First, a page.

Updated: November 2, 2017 3:13:01 am
WALK THROUGH an industrial belt in Maharashtra in the future, and you may see your toilet water at work. To squeeze more out of the water that spins down our drain, Maharashtra has adopted a policy that makes municipalities responsible for recycling and reusing wastewater.
The Devendra Fadnavis cabinet sanctioned the policy Wednesday. “The initiative marks the first time when recycled water is being reused for industrial uses in the public sector,” said Manisha Patankar-Mhaiskar, Principal Secretary (Urban Development-II). Maharashtra, India’s most urbanised state, has been criticised in the past for letting untreated sewage or inadequately treated sewage deplete quality of fresh water reserves.
The policy is to reuse the treated wastewater to cool thermal power plants, serve industrial estates, and other non-potable purposes. Although some developed countries also use treated wastewater to replenish drinking water supplies, this option is not being considered for now, confirmed sources.
On Wednesday, the government also spelt out its first target. It desires reuse of at least 6,888 million litres of daily sewage generated across 71 urban agglomerates by 2020. “Of this, about 4,738 million litres daily already undergoes secondary-level treatment of affluent. Similar treatment plants are on the anvil to cater to another 2,150 mld of sewage,” said Mhaiskar.
Making wastewater reuse a “primary responsibility” of the municipalities, the cabinet on Wednesday directed the urban bodies in these 71 belts to draft an action plan within a year, and commission these plants within the next three years. For the economic viability of the projects, the cabinet mandated that power plants and industrial estates run by the Maharashtra Industrial Development Corporation (MIDC) in areas near the municipalities to utilise the recycled supplies for non-potable uses, once they were made available. “Dam water supplies for all such industrial areas and power plants located within 50 km of the municipality would be withdrawn for non-potable uses, once the treated wastewater is available,” added Mhaiskar.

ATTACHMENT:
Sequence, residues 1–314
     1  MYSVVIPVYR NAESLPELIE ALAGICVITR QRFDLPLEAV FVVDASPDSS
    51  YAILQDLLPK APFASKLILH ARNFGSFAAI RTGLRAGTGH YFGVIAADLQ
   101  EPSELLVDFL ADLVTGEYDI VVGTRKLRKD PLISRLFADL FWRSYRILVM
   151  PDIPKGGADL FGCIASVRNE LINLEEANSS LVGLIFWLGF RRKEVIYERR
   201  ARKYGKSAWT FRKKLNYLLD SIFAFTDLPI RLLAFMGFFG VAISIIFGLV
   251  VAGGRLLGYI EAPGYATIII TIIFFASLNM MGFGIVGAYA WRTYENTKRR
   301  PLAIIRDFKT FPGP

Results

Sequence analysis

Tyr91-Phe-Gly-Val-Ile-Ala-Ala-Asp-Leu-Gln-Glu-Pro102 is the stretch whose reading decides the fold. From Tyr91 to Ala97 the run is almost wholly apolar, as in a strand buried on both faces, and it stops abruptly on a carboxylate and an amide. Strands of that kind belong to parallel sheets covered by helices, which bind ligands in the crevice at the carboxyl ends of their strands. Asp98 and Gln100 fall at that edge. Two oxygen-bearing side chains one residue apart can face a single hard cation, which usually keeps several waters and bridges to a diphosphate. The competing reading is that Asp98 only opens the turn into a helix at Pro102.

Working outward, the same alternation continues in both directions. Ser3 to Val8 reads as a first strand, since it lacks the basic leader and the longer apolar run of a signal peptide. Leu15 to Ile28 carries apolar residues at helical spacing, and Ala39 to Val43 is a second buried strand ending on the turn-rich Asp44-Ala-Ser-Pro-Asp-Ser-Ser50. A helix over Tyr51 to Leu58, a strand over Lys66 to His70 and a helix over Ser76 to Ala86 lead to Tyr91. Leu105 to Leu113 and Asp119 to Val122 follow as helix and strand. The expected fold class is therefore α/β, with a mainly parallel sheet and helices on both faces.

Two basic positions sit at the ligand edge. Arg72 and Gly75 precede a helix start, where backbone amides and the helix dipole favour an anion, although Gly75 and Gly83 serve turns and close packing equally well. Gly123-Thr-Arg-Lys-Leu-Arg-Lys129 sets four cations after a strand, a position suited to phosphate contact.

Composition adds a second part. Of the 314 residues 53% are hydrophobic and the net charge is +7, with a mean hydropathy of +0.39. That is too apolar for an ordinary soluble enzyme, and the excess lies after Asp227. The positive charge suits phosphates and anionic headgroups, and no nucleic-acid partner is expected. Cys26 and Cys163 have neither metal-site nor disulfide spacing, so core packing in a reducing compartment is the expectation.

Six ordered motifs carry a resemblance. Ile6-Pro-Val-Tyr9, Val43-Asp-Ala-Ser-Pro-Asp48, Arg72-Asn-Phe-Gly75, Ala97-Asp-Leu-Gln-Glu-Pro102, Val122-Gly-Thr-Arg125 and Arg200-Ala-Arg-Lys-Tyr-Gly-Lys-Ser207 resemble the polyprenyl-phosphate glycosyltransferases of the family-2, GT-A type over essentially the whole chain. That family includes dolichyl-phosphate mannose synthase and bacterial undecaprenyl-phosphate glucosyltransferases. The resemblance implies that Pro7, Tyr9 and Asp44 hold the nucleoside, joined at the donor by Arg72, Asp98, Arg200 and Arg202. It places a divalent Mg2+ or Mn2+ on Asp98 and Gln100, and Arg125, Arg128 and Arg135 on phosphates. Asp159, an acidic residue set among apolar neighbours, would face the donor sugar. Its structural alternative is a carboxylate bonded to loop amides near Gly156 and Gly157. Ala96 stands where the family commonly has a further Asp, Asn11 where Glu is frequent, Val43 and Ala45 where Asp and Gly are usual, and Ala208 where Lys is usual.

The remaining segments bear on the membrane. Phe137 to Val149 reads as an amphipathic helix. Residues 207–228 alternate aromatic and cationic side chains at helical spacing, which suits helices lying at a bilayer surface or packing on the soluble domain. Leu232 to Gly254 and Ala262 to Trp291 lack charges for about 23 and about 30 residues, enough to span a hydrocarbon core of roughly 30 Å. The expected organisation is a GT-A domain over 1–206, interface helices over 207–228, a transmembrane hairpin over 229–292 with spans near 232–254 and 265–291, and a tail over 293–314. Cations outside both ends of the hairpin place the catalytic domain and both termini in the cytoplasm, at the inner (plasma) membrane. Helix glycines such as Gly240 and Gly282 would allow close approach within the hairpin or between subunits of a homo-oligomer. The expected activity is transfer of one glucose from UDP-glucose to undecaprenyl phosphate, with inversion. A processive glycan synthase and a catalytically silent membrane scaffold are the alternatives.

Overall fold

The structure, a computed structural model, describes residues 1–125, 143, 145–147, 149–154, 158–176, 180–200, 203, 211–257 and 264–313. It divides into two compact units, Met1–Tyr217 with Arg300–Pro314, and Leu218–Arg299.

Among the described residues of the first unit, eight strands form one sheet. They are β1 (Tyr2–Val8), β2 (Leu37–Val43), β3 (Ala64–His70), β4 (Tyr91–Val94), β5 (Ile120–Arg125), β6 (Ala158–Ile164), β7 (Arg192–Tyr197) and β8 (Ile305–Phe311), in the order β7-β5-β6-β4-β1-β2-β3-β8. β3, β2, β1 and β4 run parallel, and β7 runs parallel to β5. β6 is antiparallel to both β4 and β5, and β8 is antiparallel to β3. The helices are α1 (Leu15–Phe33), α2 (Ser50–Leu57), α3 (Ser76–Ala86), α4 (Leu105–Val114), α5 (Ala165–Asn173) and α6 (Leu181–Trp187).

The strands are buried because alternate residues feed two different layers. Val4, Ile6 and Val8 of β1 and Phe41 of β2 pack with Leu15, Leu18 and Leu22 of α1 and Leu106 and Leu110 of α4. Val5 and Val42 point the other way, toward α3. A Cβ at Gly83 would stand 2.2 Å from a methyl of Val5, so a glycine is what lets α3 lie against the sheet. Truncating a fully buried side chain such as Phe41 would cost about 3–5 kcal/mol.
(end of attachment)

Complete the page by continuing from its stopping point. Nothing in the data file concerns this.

The Centre has already adopted one such policy for power plants. Treated water could also be used by the railways, other bulk users, and for operating farm pumps.
A 40 MLD treatment plant, being set up by the Navi Mumbai civic body, is slated to be the first such facility. As reported previously in The Indian Express, the plan is to supply the treated water to MIDC areas in Vashi, Airoli, and Koparkhairane, whose fresh water reserves would be diverted for domestic uses to families belonging to 27 villages newly taken up for urbanisation in the nearby Kalyan Dombivali municipality. Similarly, a 70-MLD treatment plant is proposed in Solapur, which would cater to cooling water requirement of a National Thermal Power Corporation’s plant. Another 40-MLD plant is being planned in Chandrapur.
While the financial model of bearing the capital cost for setting up the treatment plants through public funding has been approved, the government has also permitted a private funding model. Further in view of the tight financial position of the state’s economy, the cabinet on Wednesday set up a committee under Additional Chief Secretary (Finance), which will review proposals where government funding was needed. Meanwhile, the Urban Development department also entered into MoUs with IIT-B and the National Environment Engineering Research Institute for pilots on non-conventional treatment options for sewage treatment.
Meanwhile, to expedite completion of 140 pending water supply and sanitation projects, taken up by urban bodies using central grants, the government has eased gap-funding norms.
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